# Combining two distributions

Hi there,

I though it was a simple matter but I’m getting nowhere with this. I’m basically “just” trying to construct an asymmetric StudentT distribution, i.e., two distributions with different sigmas, hoping to find a way to treat them as one and/or to normalize them so their peak value is the same. I hope that makes sense!

Anyway, using tt.switch works to choose the right distribution depending on whether the observed value is lower/greater than the model, like:
pm.Potential(label, tt.switch(tt.gt(observed, modeled), studentt_low, studentt_high))
but I’m not sure how the normalization would work here. Should I apply a factor to each?

An alternative would be to use a mixture, but I’m not sure how to combine HalfStudentT distributions or bounded StudentT distributions. Any help would be appreciated!

Cordially,
VL

1 Like

What is the “modeled” variable in your example doing?

It’s a tensor variable drawn from a grid of model data. But my question is general, how would you go about making an asymmetric Student-T distribution in PyMC3 with 2 different sigma and the same mean?

The reason I asked what the modeled is doing is because that might change how to approach your problem.

``````mu = pm.Normal('mu', 0, 1)
sigmas = pm.HalfNormal('sigmas', sigma=[1, 2], shape=2)  # You will probably need to use an ordered transform to avoid symmetries
sigma = tt.switch(tt.gt(observed, modeled), sigmas[0], sigmas[1])

obs = pm.StudentT('obs', mu=mu, sigma=sigma, observed=observed)
``````

Were you looking for something similar in spirit to the example above? I am not sure if it will work out of the box, but maybe it gets you closer to your goal.

Yes, I was looking for something like that, I didn’t think of using the switch for the sigma, seems obvious now I’ll make some tests and will let you know if there’s any issue. Thanks!

So a quick follow-up on that, as expected it returns an asymmetric Student-T, which is good, but it’s not normalized to the peak:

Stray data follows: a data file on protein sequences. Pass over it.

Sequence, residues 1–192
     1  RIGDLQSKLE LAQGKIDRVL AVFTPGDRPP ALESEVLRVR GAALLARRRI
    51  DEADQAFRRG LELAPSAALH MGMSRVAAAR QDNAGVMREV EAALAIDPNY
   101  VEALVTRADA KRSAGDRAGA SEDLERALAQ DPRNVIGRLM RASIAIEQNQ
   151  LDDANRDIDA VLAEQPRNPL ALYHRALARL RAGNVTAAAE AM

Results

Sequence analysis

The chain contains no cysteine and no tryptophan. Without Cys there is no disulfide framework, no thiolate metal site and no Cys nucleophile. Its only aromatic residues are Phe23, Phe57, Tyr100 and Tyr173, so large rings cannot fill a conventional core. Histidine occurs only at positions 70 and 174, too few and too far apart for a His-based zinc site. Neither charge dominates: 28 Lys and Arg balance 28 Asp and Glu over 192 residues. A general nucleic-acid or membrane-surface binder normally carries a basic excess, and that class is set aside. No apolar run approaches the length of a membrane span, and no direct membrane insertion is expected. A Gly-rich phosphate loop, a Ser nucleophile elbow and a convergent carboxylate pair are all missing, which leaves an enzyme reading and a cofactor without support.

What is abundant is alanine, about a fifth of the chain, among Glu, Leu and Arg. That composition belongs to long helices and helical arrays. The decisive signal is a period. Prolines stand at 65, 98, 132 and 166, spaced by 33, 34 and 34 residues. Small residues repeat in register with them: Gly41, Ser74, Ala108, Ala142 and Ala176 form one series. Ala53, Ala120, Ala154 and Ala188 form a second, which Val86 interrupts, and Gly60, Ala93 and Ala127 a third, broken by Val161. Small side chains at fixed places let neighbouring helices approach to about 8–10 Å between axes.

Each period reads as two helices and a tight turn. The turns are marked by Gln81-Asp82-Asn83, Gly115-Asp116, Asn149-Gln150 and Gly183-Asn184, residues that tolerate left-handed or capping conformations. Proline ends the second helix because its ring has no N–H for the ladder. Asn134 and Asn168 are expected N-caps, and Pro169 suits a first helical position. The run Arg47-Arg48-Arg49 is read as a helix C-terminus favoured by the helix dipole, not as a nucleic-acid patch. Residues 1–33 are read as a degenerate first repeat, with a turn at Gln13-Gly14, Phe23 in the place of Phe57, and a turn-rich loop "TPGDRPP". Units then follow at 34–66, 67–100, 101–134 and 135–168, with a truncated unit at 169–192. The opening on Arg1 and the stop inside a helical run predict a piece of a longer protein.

``````import pymc3 as pm
import theano.tensor as tt

modeled = 0

observed = -0.001
sigma = tt.switch(tt.gt(observed, modeled), 1., 20.)
print(pm.StudentT.dist(2, mu=modeled, sigma=sigma).logp(observed).eval())

observed = 0.001
sigma = tt.switch(tt.gt(observed, modeled), 1., 20.)
print(pm.StudentT.dist(2, mu=modeled, sigma=sigma).logp(observed).eval())
``````

Returns:
-4.0354533
-1.0397215

I would assume the distribution has to be continuous, but maybe pymc3 does something under the hood I don’t understand.

It makes sense that the second one has a higher `logp=-1.039...` since it has lower standard deviation. The same way that a Normal distribution peak grows higher when you reduce the standard deviation.

If you really want the same logp at the peak when using different standard deviations I think you will have to derive a custom distribution that has a fixed height at zero and whose probability changes in the tails only (or do something funny with the degrees of freedom of the StudentT). This, however, would no longer be a StudentT, as far as I understand it.

You may also try the Asymmetric Laplace that was recently added to Pymc 3.11.0: Asymmetric Laplace distribution - Wikipedia. This distribution works by having two exponentials on either side, keeping the same peak but having different sigmas. Would that achieve what you need?

Hi Ricardo,

You’re right, at the end the distribution is not anymore a Student-T distribution, which was fine in my specific case but I should have been clearer.

I take the occasion to ask another question in this topic, I hope it’s ok. How would I go about drawing a Normal distribution but restricted to discrete values, for instance draw only integers for a Normal distribution with some mean and sigma?

Sorry if my questions are a bit random…!

Cheers,
Vian

May I ask with what goal in mind?

You can draw from a Normal distribution and round the values to integers, or you can use a discrete distribution with similar shape as the Normal (not so easy for small numbers). For example, both the Poisson with a very large mean or the Binomial with a large n and relatively mild p, approximate the Normal distribution.

No problem with random questions

Thanks for your help. I’m basically trying to draw indices from a n-dimensional grid whose sides correspond to some physical parameters. Right now I draw each parameter as some kind of distribution, for instance Normal, and round the value, like you mentioned, either as integer or fractional value which I then use for nearest neighbor or linear interpolation. Sorry, I don’t have a simple code sample to extract.

It works fine but the trace then includes values which are actually not used to calculate the grid value at point. Of course I could always round the values in the trace as well a posteriori, but I was wondering whether it would just be simpler to draw directly these discrete values with a custom distribution.

edit: I could also use Deterministic to save the rounded values but that uses some useful memory.

You can save the rounded values in your model by wrapping them in a Deterministic:

``````indexes_continuous = pm.Normal(...)
indexes = pm.Deterministic('indexes', tt.round(indexes_continuous))
``````

Then you can use indexes in your model and also check them in your trace without having to round a posteriori.